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Turning the Page on Climate Change: Why Literature Holds the Key to Shaping Our Response

In the face of an impending climate crisis, Amitav Ghosh's "The Great Derangement" serves as a poignant exploration of artists, specifically writers, collective failure to address the most pressing issue of our time. Ghosh, an acclaimed Indian author known for his insightful narratives blending history, culture, and environmental themes, brings his unique perspective to bear on the urgent challenges posed by climate change. The book is based on a series of lectures given at the University of Chicago in 2015. They are loosely connected together but are best understood as Ghosh's thoughts on "Stories," how they reflect or don't reflect "histories," and in turn how they influence "Politics." This book proved to be a great book club read, with lots of connections, and conversation about different aspects that spoke to each reader. It was a great third book as well because it tied together many of the structural questions and comments we had as a group about our first book (The Future We Chose), and first fiction book (Weather). Reading this after having a background in these two works, helped launch a great conversation about what we wanted and needed to see in our future readings.

Amitav Ghosh Background

Born in Calcutta, India, in 1956, Amitav Ghosh is a prolific writer whose works have earned him international acclaim. With a diverse body of work that spans both fiction and non-fiction, Ghosh has established himself as one of the most influential voices in contemporary literature. His novels, including "The Glass Palace," "The Shadow Lines," and the "Ibis Trilogy" ("Sea of Poppies," "River of Smoke," and "Flood of Fire"), often explore themes of colonialism, globalization, and environmental degradation, offering nuanced perspectives on the complexities of modern life.

"Our collective failure to address climate change is only partly a failure of political will; more deeply, it is a failure of imagination."

Drawing on his deep understanding of history and culture, Ghosh challenges readers to confront the limitations of our current narratives and envision new possibilities for addressing climate change. His wide ranging examples of authors and their works, and how each shaped the history and use of fiction for culture creation is illuminating. My personal favorite was the discussion on how weather played a significant role in Mary Shelley's writing of "Frankenstein." Ghosh suggests how the unusually cold and dreary summer of 1816, known as the "Year Without a Summer," influenced Shelley's creative process. During this period, a volcanic eruption in Indonesia led to widespread atmospheric disturbances, resulting in abnormally low temperatures and incessant rain across Europe. In all my own study of fiction, I have never come across this perspective, and it did make me want to revisit with climate eyes novels and writers from my past again.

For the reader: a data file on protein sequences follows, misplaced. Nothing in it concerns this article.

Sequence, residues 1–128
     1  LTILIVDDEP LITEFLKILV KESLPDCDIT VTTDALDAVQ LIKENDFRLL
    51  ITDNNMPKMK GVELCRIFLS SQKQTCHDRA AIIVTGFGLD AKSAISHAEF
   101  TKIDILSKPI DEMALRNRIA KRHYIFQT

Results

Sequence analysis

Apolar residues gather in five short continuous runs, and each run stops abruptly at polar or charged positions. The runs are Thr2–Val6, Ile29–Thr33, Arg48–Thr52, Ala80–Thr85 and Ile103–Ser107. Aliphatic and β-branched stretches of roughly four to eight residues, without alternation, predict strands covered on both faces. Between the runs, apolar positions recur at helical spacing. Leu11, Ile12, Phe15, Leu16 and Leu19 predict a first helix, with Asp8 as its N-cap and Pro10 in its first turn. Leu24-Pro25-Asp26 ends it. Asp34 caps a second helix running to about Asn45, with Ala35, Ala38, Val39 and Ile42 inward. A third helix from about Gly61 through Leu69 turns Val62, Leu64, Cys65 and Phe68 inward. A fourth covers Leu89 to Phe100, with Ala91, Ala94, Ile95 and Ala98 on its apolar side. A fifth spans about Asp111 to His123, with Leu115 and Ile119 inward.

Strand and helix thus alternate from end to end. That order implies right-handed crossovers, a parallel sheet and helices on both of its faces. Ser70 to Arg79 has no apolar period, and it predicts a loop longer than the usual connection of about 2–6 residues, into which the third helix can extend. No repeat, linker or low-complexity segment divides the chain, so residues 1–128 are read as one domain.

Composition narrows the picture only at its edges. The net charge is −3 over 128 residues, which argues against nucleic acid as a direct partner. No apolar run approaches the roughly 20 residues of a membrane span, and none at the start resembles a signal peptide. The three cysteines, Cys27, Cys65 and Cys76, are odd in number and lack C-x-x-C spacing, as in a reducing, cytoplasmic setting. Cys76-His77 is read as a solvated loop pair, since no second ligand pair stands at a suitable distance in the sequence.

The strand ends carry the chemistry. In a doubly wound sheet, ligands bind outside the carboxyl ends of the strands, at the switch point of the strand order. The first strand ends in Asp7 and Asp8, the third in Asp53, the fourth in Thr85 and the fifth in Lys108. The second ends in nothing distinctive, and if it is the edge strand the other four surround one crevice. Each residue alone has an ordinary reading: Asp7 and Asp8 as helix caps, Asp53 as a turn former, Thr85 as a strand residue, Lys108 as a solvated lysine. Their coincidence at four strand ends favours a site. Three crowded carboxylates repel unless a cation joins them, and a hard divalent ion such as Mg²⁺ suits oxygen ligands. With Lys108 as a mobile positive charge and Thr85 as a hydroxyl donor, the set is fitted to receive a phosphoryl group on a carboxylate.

"The colonial origins of carbon capitalism have profound implications for the politics of climate change."

One of the most compelling aspects of Ghosh's work is his exploration of the historical and cultural factors that have contributed to our current predicament. By examining the legacies of colonialism and capitalism, Ghosh sheds light on the systemic roots of the climate crisis and encourages readers to consider alternative ways of organizing society. This is an important component to understanding how we need cultural products (stories, music, art), to show alternative realities or futures to be able to break away from the past, know why we are breaking away, and forging a better tomorrow. In "The Great Derangement," he argues that literature has the power to transcend disciplinary boundaries and evoke empathy, making it uniquely suited to address the complex and multifaceted dimensions of the climate crisis. He also broadens this analysis to include non-fictional writing, like the Paris Climate Agreement, proving that a solid basis of writing and language choice can help people understand what is and what is not being said in important documents, reports, and policies that will affect our future.

The impacts of climate change are no longer just theoretical: they are unfolding in real time, before our eyes, in our own lives."

"The Great Derangement" offers a compelling critique of our collective failure to confront climate change and provides valuable insights into the role of imagination, history, and literature in shaping our response. As we grapple with the existential threat posed by climate change, Ghosh's work serves as a timely reminder of the urgent need for bold, imaginative, and inclusive solutions.

Next meeting is Wednesday, April 17th 7:00-8:30pm

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